These are a few of my favorite things

But even in a corny song like this, we can’t be satisfied with pure appreciation. Appreciation is always rooted in sadness. The song ends:

When the dog bites
When the bee stings
When I’m feeling sad
I simply remember my favorite things
And then I don’t feel so bad


Snowflake Bentley’s work will be exhibited until December 22nd at Davis & Landale in New York.

For more information on Bentley, go here or here.

There is an exhibition of Thomas Merton’s photos, A Hidden Wholeness: The Zen Photography of Thomas Merton, at Loyola University until January 15, 2007

See a terrific portrait of Thomas Merton by Ralph Eugene Meatyard here


  1. my daughter is crazy for meerkats. Love the snow flake story I just wish we had some of the white stuff on the ground down here in the south (chicago)

    Comment by doug mcgoldrick — December 18, 2006 @ 11:14 pm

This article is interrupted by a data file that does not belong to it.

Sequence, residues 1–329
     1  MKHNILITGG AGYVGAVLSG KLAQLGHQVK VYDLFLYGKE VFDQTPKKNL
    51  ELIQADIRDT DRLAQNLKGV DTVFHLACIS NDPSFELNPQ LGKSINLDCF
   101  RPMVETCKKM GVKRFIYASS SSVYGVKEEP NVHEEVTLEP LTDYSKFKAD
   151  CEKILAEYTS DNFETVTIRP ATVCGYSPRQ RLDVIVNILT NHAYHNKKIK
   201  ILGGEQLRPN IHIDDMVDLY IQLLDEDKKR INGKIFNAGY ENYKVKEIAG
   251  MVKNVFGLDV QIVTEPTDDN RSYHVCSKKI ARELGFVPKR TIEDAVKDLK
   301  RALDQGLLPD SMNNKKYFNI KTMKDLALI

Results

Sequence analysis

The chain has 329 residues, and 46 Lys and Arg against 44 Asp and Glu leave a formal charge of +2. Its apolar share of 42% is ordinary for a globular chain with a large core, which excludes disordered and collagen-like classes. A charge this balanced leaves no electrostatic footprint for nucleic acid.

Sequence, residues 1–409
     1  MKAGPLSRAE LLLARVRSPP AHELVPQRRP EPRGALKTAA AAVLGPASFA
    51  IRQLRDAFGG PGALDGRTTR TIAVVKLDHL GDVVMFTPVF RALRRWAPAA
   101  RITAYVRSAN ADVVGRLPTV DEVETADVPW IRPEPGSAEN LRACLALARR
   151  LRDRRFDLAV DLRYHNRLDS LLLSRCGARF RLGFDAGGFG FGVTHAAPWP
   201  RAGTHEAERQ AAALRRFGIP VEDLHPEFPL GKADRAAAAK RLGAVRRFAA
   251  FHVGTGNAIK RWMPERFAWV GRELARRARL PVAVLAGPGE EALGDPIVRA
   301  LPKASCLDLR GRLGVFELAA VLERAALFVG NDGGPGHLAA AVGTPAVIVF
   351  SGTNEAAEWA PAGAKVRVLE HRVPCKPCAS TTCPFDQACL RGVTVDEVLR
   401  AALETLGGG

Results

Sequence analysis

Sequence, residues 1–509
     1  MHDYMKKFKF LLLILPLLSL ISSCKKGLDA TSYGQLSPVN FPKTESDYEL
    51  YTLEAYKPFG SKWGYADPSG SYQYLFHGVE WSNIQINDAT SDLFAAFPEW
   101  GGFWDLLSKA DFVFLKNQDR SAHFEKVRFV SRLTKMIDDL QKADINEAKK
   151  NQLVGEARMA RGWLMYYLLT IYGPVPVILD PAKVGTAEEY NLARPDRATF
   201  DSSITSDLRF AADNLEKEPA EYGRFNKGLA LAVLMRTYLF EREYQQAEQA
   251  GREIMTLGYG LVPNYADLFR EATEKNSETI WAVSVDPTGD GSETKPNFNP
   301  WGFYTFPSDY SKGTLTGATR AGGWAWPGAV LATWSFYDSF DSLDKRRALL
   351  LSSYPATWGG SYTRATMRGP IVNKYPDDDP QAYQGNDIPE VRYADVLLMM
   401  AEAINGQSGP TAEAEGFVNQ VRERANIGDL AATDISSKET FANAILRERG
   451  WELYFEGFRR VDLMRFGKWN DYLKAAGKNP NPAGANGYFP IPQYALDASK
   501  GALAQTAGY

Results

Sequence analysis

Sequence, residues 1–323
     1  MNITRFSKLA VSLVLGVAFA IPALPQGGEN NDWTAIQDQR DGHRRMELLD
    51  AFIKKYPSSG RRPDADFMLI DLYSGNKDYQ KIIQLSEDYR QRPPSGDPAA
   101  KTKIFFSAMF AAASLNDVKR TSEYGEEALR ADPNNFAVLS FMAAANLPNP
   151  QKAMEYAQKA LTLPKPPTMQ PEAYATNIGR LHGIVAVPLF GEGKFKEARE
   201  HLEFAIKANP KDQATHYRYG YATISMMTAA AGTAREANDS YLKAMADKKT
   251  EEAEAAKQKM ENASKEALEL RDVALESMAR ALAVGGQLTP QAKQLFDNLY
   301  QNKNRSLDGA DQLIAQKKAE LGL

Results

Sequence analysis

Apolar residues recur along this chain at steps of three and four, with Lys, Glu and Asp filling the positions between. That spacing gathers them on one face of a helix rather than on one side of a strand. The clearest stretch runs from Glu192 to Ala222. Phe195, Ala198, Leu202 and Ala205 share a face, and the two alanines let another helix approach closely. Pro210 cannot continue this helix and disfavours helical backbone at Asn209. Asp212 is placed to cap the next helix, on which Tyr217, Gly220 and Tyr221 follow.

2. My junior H.S. science teacher felt otherwise, and spent some time debunking the statement that “no two snowflakes are alike” – he’s even devoted part of his website to it:

    The rationale is that it’s either (a) unprovable (nobody can ever see every snowflake to prove that no two are alike); or (b) nonsensical (when you get down to the molecular level, you could say no two golf balls are alike).

    In any case, I like Bentley’s passion to document the unprovably infinite variations of pattern. He strikes me as a progenitor of the Bechers.

    Comment by Michael H. — December 19, 2006 @ 5:04 am

  3. Alec, I’m seeing a karaoke night in our future…
    ps. I

    Comment by Brian Ulrich — December 19, 2006 @ 8:50 am

  4. *heart* meerkat manor

    Comment by Brian Ulrich — December 19, 2006 @ 8:57 am